Giovanni Battista Morgagni

(redirected from Giovanni Morgagni)

Morgagni, Giovanni Battista

(jōvän`nē bät–tēs`tä mōrgä`nyē), 1682–1771, Italian anatomist, called the founder of pathologic anatomy. He was professor of anatomy at Padua for 56 years. A meticulous observer and recorder, he contributed classical descriptions of anatomical parts (many of which are named for him), collected case histories, and carried out exhaustive postmortem examinations, as a result of which he discovered many relationships between diseases and physiological changes.

Morgagni, Giovanni Battista


Born Feb. 25, 1682, in Forli; died Dec. 5, 1771, in Padua. Italian physician and anatomist.

In 1706, Morgagni became a professor of practical medicine at the University of Bologna; in 1711 he went to teach at the University of Padua. As a result of his numerous observations and the data obtained from the dissection of human cadavers, Morgagni published his classic work The Seats and Causes of Disease Investigated by Anatomy (1761, vols. 1—2), in which he laid the foundation for pathological anatomy as an independent medical science. This work was of great significance for the development of clinical medicine and for the clarification of the pathogenesis and symptomatology of a number of diseases.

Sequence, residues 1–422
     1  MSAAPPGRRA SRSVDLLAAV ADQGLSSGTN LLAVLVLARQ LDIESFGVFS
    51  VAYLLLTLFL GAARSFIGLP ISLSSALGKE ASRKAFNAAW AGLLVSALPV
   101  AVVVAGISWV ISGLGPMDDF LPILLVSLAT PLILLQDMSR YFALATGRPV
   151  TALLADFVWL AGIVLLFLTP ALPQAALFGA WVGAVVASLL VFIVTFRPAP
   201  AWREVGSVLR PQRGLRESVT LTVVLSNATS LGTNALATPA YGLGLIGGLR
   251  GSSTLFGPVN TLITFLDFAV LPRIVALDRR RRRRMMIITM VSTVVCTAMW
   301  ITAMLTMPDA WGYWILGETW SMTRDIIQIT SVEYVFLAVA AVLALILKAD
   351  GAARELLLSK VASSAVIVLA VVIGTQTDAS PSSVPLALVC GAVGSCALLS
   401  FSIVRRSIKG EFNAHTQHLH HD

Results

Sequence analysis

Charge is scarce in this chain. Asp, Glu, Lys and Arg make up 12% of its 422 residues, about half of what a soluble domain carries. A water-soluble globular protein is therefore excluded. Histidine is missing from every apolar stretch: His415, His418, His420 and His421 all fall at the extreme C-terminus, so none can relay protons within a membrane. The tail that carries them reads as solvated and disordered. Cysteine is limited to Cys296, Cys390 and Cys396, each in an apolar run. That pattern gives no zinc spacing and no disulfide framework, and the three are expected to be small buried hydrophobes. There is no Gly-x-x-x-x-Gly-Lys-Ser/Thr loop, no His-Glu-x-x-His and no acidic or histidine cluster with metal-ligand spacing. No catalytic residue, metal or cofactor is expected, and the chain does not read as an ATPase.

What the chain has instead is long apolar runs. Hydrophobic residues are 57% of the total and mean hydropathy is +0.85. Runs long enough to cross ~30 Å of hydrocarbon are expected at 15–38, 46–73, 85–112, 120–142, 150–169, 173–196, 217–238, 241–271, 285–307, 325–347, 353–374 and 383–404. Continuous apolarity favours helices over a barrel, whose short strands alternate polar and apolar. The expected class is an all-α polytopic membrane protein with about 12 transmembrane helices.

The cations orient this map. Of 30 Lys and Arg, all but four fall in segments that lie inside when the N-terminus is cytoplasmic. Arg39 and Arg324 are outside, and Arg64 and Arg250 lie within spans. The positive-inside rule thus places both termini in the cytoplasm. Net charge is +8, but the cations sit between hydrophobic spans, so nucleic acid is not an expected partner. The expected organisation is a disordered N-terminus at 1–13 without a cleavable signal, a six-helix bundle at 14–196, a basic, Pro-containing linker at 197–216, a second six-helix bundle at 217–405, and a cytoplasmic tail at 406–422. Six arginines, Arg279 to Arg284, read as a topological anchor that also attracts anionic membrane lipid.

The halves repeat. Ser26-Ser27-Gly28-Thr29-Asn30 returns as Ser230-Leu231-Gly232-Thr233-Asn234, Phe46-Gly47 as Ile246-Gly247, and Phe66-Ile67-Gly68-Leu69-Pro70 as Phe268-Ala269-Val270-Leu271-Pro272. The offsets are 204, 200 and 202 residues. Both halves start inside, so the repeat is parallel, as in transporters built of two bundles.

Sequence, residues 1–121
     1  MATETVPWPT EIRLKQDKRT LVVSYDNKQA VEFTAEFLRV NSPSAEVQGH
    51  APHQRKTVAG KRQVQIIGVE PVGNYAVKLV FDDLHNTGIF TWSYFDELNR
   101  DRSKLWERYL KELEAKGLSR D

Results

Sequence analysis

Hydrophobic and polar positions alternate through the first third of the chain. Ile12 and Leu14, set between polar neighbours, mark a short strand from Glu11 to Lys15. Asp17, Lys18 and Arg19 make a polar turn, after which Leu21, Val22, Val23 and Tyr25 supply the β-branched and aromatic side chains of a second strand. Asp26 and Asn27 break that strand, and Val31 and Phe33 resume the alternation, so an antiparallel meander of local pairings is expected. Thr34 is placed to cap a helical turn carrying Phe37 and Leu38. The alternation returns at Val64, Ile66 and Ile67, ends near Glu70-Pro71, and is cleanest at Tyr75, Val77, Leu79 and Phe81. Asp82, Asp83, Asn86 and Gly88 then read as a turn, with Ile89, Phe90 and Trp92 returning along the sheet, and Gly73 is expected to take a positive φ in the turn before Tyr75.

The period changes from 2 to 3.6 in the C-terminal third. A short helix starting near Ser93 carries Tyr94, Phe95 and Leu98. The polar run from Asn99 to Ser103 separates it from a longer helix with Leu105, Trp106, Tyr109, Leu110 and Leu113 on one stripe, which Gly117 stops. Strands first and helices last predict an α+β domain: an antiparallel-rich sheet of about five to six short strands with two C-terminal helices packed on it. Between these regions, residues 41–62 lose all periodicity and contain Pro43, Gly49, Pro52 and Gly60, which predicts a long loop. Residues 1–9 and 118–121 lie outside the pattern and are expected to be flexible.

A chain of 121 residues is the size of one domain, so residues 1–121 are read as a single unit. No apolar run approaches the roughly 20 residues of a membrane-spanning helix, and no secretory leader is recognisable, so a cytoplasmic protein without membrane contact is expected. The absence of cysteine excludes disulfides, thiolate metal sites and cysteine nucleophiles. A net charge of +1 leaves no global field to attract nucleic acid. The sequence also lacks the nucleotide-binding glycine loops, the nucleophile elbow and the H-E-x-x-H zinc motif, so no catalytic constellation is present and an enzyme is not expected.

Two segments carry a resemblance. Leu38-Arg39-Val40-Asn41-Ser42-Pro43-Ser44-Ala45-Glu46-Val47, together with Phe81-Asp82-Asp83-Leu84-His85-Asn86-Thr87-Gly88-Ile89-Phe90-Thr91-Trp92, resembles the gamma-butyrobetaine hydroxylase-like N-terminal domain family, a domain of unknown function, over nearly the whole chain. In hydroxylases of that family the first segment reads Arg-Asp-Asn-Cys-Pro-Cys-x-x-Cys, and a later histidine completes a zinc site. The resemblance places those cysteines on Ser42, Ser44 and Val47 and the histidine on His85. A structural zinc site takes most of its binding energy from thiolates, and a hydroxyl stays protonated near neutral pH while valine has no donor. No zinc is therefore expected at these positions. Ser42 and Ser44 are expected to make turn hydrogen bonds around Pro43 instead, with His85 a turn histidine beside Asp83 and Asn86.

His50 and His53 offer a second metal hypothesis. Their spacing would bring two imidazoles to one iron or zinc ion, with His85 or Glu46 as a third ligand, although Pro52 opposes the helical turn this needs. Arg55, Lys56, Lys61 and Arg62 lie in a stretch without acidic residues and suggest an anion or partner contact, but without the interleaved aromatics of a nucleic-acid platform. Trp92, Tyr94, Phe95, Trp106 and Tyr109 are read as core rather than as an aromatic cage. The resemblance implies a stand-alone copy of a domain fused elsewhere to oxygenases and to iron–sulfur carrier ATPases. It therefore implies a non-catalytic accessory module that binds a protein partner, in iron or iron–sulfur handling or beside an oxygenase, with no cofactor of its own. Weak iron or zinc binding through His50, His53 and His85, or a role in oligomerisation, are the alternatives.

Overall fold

Morgagni’s contributions to anatomy included the first description of such anatomical formations in humans as the rectal columns (folds in the rectal mucosa), the laryngeal sinuses (depressions on the lateral walls of the larynx), and the appendices testes and the appendices vesiculosi epoophori; all these anatomical parts are named after him.

Morgagni was the author of several works on physiology and archaeology.


Zabludovskii, P. E. “Dva veka patologicheskoi anatomii: K 200-letiiu vykhoda knigi Dzh. B. Morgan’i.” Klinicheskaia meditsina, 1962, no. 4.


References in periodicals archive ?
2) Nasal tuberculosis was first described in 1761 by the Italian anatomy professor Giovanni Morgagni while reporting the autopsy findings of a young man with pulmonary tuberculosis who had ulcerations of the nose, soft palate, and nasopharynx.
Among the landmark discoveries described are those of the Italian anatomist Giovanni Morgagni, who in the mid-1700s clinched the link between many diseases and distinct changes within the body, and French surgeon Alexis Carrel, who at the turn of the 20th century demonstrated the plausibility of organ transplants.
First described by Giovanni Morgagni in 1761, the potential space for the hernia is produced by a congenital defect or weakened area that results from failure of the septum transversus of the diaphragm to fuse with the costal arches (1).